|Starring||Jane Levy, Shiloh Fernandez, Lou Taylor Pucci|
|Release||5 APR (US) 18 APR (UK) Certificate 18|
At least, it would be a neat conceit if the whole idea wasn't abandoned as soon as the viscera start flying. As such, it almost seems pointless to provide this context (even though, it has to be said, the exposition is delivered particularly well). For example, we get a scene in which it is established that David was 'too busy' to visit his and sister Mia's dying mother, and Mia isn’t happy about that. But this is something that is never mentioned again and has no bearing on the events that follow, making it clear that the film is just struggling to satisfy the intelligence of modern audiences before descending into the senseless horror of the original Evil Dead.
Thankfully, once that senseless horror begins, the film delivers an impressive display of stunning and inventive practical effects. Eschewing the usual CGI tricks that often result in empty, schlock scares, this movie utilises incredible make-up and props to make every ripped muscle and sliced sinew feel real. Likewise, Jane Levy’s performance as a doe-eyed druggie possessed by a wicked demon from hell holds the film together, with just the slightest sense of impishness allowing for some delightfully cheeky moments of pure, repellent malevolence.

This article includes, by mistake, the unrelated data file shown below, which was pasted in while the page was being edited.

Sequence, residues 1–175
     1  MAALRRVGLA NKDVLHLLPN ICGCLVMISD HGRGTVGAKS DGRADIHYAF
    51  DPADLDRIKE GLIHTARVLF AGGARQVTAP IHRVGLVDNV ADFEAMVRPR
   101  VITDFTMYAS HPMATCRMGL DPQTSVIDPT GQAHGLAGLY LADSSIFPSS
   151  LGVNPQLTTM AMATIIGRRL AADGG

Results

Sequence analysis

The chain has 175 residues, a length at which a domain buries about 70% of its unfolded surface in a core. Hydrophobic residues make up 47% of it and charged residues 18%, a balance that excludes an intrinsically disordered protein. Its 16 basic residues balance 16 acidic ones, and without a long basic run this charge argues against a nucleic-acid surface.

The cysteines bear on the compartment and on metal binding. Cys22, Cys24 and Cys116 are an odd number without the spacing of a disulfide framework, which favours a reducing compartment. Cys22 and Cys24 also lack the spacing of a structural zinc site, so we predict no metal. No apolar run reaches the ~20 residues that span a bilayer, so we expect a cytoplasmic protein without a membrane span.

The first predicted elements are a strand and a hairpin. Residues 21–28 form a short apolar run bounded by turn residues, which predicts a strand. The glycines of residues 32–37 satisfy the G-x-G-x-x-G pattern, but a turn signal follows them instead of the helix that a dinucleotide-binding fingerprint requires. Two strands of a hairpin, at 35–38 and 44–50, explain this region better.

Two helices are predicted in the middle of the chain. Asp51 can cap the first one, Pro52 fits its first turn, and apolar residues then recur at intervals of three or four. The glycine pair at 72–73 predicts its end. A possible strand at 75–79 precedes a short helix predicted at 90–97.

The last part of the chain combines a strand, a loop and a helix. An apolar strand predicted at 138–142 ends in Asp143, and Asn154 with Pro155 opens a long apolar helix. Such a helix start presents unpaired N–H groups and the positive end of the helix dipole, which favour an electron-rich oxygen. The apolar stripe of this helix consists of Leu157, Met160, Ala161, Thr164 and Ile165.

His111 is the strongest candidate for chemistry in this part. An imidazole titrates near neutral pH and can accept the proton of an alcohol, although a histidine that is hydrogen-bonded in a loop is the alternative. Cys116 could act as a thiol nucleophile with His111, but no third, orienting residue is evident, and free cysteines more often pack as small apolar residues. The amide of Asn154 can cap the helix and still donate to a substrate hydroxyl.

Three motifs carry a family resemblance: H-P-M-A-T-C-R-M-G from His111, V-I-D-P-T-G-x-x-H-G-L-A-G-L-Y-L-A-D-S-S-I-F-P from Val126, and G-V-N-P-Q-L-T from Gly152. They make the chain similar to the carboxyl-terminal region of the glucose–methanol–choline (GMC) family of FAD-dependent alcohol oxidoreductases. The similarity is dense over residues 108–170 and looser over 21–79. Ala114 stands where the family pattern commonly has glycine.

And it is this occasional sense of fun that proves most impressive in this film, which otherwise completely shuns Raimi’s camp comedy moments to tell a straight-faced tale of terror. Director Fede Alvarez displays a mean streak of mischief in presenting this much guts and gore while still finding time to include subtle nods to each film in the original trilogy. And, what the film lacks in slapstick, it more than makes up for in over-the-top gruesomeness, which keeps piling on until we get to the bloodiest ending since Braindead took a lawnmower to a legion of zombies.
All in all, the only flaws to be found in the film are those that would be present in any 80s horror remake. Dumb character moments like 'good friend' Eric reciting from a terrifying book that screams "Do Not Read Aloud" may have been acceptable 30 years ago, but now it is just teeth-grittingly stupid. And cabins in the woods? Don't make me laugh. Oh wait, you already have. If it wasn’t for these tropes preventing the film from breaking any new ground, this could easily have been the best demon possession film released in decades. Instead it is just a very effective, still terrifying, evil retread.
|+||T2 Trainspotting (18)|
|+||Hacksaw Ridge (15)|